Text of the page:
T erry Richardson, the fashion photographer, has been barred from working with some of the world’s bestselling magazines, The Daily Telegraph can reveal.
An email circulated within the media group Condé Nast International on Monday and seen by this newspaper announced that the company would no longer work with him.
Staff were told that any work already commissioned from Mr Richardson but not yet published should be “killed or substituted with other material”.
The company publishes international editions of leading fashion magazines such as Vogue, GQ and Glamour as well as other well-known titles including Vanity Fair and Wired.
Mr Richardson, whose photographs often grace the covers of fashion magazines and are known in the industry for being sexually explicit, has been dogged for years by allegations of sexual exploitation of models, something he has always denied.
At the weekend, a UK newspaper asked why the 52-year-old was still being “feted by fashionistas” in the wake of the Harvey Weinstein revelations.
Mr Richardson’s contract arrangements had been in dispute for some time with Condé Nast International, but within 24 hours of the article appearing an email was circulated telling staff not to work with him.
The message was sent by James Woolhouse, the company’s executive vice president and chief operating officer, to “country presidents” at the firm at 8.14am on Monday.
M r Woolhouse wrote: “I am writing to you on an important matter. Condé Nast would like to no longer work with the photographer Terry Richardson.
“Any shoots that have been commission[ed] or any shoots that have been completed but not yet published, should be killed and substituted with other material.
“Please could you confirm that this policy will be actioned in your market effective immediately. Thank you for your support in this matter.”
C ondé Nast International was approached repeatedly for comment but declined to respond.
Allegations over Mr Richardson’s conduct have resurfaced and made headlines in recent days, though no fresh claims have been made.
T he New York-based photographer has worked with some of the biggest names in the music industry including Beyoncé, Lady Gaga and Miley Cyrus, who got Mr Richardson to direct a controversial music video for her song Wrecking Ball in 2013, in which she appeared naked. She later said she regretted the shoot.
Mr Richardson has often appeared in his own photographs. The Sunday Times published a 1,100-word article this weekend questioning the fashion industry’s continued use of Mr Richardson.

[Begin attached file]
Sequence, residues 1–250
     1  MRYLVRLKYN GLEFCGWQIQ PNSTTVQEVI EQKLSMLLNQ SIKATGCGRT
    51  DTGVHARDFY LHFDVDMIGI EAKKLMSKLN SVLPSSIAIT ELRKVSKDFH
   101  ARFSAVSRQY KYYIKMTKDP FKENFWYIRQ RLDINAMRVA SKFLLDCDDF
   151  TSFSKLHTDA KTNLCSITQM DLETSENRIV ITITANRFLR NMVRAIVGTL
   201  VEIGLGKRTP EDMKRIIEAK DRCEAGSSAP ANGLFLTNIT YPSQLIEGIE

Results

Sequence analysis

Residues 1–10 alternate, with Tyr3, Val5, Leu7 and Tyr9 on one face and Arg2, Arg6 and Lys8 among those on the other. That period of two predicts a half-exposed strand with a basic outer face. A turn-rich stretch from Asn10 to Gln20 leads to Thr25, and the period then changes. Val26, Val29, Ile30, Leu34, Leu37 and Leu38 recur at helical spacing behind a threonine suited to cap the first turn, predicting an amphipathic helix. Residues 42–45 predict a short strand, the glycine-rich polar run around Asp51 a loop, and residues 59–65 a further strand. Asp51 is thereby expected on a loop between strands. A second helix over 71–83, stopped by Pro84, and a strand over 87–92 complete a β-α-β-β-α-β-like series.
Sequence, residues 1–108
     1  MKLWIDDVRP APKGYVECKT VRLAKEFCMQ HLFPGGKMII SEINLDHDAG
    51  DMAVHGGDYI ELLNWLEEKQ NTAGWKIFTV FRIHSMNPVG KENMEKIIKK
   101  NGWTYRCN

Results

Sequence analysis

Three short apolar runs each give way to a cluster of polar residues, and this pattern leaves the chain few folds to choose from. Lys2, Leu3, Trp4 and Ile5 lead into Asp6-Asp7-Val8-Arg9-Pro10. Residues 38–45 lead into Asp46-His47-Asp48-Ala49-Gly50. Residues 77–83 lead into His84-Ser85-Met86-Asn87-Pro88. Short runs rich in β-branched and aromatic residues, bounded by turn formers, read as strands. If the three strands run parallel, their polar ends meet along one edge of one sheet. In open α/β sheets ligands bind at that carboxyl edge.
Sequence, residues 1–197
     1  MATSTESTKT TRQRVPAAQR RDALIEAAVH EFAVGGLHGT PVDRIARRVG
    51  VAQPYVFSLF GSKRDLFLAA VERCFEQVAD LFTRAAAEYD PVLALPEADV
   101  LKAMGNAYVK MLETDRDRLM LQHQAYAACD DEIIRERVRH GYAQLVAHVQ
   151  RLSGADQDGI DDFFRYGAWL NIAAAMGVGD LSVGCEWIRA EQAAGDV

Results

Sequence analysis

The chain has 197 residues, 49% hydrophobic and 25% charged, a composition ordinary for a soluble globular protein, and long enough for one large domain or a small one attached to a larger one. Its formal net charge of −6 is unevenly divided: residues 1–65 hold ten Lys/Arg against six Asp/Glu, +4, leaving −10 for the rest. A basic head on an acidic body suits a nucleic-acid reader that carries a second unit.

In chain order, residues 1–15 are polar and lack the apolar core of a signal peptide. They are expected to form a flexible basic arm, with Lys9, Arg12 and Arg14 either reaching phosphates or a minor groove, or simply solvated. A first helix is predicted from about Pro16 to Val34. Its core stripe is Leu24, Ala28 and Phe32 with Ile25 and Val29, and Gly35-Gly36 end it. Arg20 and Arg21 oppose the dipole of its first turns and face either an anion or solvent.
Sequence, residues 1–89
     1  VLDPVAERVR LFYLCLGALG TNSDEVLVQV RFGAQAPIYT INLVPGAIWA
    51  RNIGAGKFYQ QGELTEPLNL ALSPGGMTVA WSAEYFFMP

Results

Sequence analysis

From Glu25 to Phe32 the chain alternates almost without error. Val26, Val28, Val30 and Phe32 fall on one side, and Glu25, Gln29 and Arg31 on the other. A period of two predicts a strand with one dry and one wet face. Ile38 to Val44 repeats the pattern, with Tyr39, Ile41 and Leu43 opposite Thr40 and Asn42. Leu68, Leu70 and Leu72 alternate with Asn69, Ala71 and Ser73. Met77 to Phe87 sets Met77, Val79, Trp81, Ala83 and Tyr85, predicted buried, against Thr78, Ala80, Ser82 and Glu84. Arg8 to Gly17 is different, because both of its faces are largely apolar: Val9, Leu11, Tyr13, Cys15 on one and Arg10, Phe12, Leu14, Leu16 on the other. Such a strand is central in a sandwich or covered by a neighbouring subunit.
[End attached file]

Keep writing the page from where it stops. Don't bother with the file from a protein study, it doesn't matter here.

It noted Mr Richardson was recently photographed arm-in-arm with Edward Enninful, the editor of British Vogue, and attended shows at New York’s fashion week last month.
On Friday, a letter from Mr Richardson published on the Huffington Post website addressed the “rumours” over his conduct circulating in recent days.
I t said: “I collaborated with consenting adult women who were fully aware of the nature of the work, and as is typical with any project, everyone signed releases.
“I have never used an offer of work or a threat of rebuke to coerce someone into something that they did not want to do.
“I give everyone that I work with enough respect to view them as having ownership of their free will and making their decisions accordingly, and as such, it has been difficult to see myself as a target of revisionist history.”
T he spotlight fell on the modelling industry in the wake of allegations that came to light against Mr Weinstein, the Hollywood mogul.
Mr Weinstein is facing allegations of sexual assault and harassment from more than 40 women, including Angelina Jolie and Gwyneth Paltrow. Christy Turlington, the model, said last week that harassment of photographic models was widely tolerated in the industry.
“The industry is surrounded by predators who thrive on the constant rejection and loneliness so many of us have experienced at some point in our careers,” she said.
“I feel fortunate that I did not personally experience anything traumatic, but also know that is not the norm.”
C ameron Russell, the former model, has also been using her Instagram page to share anonymous stories of harassment in the industry in recent days.
She wrote: “Hearing about Harvey Weinstein this week has sparked conversations about how widespread and how familiar his behaviour is.”
Ms Russell urged people to post their experiences with the hashtag #MyJobShouldNotIncludeAbuse “so the industry can see the size and scope of this problem”.
Mr Richardson’s spokesman declined to comment.